Escaping VMware Workstation through COM1
Kostya Kortchinsky - Google Security Team
These bugs are subject to a 90 day disclosure deadline. If 90 days elapse without a broadly available patch, then the bug report will be made available to the public.
VMware Workstation offers printer “virtualization”, allowing a Guest OS to access and print documents on printers available to the Host OS. On VMware Workstation 11.1, the virtual printer device is added by default to new VMs, and on recent Windows Hosts, the Microsoft XPS Document Writer is available as a default printer. Even if the VMware Tools are not installed in the Guest, the COM1 port can be used to talk to the Host printing Proxy.
vprintproxy.exe is launched on the Host by vmware-vmx.exe as whichever user started VMware. vmware-vmx.exe and vprintproxy.exe communicate through named pipes. When writing to COM1 in the Guest, the packets will eventually end up in vprintproxy.exe for processing.
I won’t go over the subtleties of the protocol, but basically the printer virtualization layer is a glorified file copy operation of EMFSPOOL files from the Guest to the Host. The EMFSPOOL and contained EMF files are processed on the Host by vprintproxy.exe, and can be previewed on the Host thanks to TPView.dll. By supplying specially crafted EMFSPOOL and EMF files to COM1, one can trigger a variety of bugs in the vprintproxy.exe process, and achieve code execution on the Host.
The rest of this document assumes a Windows 8.1 amd64 Host, a Windows 7 x86 Guest running under VMware Workstation 11.1, with all patches installed. Other platforms have not been investigated.
A fully working exploit is provided for this particular environment.
The function CTPViewDoc::WriteEMF in TPView.dll pre-processes an EMF and rewrites it, replacing a couple of custom EMR record types. In the case of an EMR of type 0x8000 and 0x8002, the program will allocate memory based on the size specified for the record, then copy the 8 bytes of the record, subtract 8 to the size and read from the file into the dynamically allocated buffer that amount of bytes. For an EMR record size strictly lower than 8, the subtraction will underflow and result in a heap overflow.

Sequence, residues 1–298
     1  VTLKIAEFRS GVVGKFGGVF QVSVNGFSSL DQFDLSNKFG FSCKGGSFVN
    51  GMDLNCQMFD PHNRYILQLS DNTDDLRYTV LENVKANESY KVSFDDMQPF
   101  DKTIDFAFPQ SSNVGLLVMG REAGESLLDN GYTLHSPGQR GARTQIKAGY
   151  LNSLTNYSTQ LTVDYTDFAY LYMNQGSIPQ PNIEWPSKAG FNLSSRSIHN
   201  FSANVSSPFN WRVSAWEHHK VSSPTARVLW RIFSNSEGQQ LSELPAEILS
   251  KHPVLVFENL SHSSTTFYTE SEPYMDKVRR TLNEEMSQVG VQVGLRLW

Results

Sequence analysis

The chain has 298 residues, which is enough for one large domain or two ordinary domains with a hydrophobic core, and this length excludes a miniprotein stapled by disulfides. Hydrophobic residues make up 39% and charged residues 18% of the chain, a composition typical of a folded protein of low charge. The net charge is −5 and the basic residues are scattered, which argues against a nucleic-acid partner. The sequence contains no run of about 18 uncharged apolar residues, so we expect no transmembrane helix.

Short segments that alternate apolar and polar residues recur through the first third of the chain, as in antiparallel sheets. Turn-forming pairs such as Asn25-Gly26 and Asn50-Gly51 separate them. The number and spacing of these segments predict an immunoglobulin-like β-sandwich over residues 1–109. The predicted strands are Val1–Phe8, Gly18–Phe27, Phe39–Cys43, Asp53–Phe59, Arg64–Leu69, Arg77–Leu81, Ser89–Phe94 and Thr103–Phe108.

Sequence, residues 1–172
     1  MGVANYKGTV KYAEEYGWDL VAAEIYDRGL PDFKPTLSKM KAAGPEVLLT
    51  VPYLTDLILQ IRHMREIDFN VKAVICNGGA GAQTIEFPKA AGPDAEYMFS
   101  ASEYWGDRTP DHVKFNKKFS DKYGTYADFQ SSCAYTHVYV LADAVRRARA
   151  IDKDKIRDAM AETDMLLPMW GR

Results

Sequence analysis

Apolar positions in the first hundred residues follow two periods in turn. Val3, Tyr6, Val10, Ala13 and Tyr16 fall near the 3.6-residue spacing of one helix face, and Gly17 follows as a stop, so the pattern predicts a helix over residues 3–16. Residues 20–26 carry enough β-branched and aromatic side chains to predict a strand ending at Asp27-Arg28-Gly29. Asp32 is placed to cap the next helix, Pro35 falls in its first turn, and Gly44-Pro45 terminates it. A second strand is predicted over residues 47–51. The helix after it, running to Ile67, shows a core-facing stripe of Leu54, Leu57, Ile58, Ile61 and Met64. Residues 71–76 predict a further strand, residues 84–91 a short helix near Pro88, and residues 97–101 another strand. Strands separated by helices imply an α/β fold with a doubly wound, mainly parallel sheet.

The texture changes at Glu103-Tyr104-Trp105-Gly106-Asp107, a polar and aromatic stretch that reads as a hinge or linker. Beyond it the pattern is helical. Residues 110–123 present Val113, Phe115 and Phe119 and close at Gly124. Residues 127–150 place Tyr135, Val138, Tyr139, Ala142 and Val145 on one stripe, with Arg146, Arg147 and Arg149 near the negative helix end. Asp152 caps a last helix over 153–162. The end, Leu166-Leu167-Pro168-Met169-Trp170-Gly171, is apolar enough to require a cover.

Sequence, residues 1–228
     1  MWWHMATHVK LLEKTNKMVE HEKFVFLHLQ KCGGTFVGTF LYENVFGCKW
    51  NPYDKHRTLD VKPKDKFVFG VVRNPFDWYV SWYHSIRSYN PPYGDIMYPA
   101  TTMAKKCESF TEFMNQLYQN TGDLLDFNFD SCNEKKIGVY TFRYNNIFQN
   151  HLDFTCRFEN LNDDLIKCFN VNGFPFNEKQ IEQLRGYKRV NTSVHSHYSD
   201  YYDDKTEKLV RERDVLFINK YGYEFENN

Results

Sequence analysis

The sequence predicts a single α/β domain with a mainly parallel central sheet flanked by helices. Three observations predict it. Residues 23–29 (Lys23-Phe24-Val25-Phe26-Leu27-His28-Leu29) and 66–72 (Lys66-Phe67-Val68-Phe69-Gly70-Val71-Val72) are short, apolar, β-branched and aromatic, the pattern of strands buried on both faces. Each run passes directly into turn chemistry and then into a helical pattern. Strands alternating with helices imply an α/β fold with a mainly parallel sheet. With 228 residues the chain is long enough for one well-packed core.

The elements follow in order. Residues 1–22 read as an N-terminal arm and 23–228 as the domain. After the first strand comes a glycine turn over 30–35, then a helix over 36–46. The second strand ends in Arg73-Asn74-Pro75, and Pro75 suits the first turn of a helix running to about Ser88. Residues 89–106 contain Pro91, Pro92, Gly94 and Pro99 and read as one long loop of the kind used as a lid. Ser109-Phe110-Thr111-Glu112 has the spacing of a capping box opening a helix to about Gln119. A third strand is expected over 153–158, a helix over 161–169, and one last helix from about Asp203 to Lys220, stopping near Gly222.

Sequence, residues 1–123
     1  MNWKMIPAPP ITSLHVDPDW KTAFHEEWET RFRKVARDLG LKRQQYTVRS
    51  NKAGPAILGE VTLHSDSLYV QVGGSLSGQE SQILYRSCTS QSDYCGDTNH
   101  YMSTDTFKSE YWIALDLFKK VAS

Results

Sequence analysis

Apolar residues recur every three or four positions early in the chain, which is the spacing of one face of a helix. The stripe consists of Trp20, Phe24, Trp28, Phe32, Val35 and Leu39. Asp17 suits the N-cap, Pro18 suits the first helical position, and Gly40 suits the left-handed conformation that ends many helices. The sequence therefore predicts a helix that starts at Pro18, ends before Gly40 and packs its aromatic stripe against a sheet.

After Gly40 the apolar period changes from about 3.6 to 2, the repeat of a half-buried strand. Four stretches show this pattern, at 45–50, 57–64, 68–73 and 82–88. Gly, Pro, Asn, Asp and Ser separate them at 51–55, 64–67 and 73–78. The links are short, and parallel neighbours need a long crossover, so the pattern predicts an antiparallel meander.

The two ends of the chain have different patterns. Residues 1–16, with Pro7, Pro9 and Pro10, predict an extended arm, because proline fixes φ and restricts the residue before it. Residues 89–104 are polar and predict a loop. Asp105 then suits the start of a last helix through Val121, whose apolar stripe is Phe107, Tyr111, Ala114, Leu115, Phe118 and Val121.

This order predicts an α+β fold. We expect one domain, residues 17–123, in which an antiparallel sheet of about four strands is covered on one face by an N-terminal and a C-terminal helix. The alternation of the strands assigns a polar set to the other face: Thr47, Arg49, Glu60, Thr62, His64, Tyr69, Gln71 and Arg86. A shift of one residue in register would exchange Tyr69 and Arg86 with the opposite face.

This snippet of code doesn't ensure that the size of the record is at least 8. The integer underflow at (1) will make the program read a large number of bytes into a small buffer, resulting in a heap overflow.
A similarly vulnerable portion of code is handling custom EMR 0x8000.
In the case of custom EMR record 0x8002, TPView.dll blindly trusts sizes and offsets provided in the relevant structures and perform unsafe memcpy() operations.
Here, both the contents of esi and ebx are under user’s control, and correspond to the contents of a custom 0x8002 EMR structure. The size of the memory allocated for ebx is not even checked to be at least 0x50 bytes. This results in some heap overflow conditions, as well a relative memory overwrite.
The custom EMR 0x8000 appears to hold a structure describing a JPEG2000 compressed image. There are several integer overflows when computing the size of a dynamically allocated chunk of memory, that can result in heap overflow conditions.
The program performs unsafe 32-bit arithmetic, leading to an invalid size check prior to a memcpy() operation, leading to a heap overflow. The size allocated for that memory check is itself prone to a wrap due to the previous arithmetic operations, as well as the following addition that also might wrap the 32-bit integer:
This vulnerability looks conspicuously like CVE-2012-0897, and it might very well be that the same JPEG2000 library was used in both case but has been left unpatched in TPView.dll for the last couple of years. Anyway, when processing record 0xff5c (Quantization Default), a user can trigger an overflow of a stack based buffer in a function without a stack cookie - which leads to direct EIP control.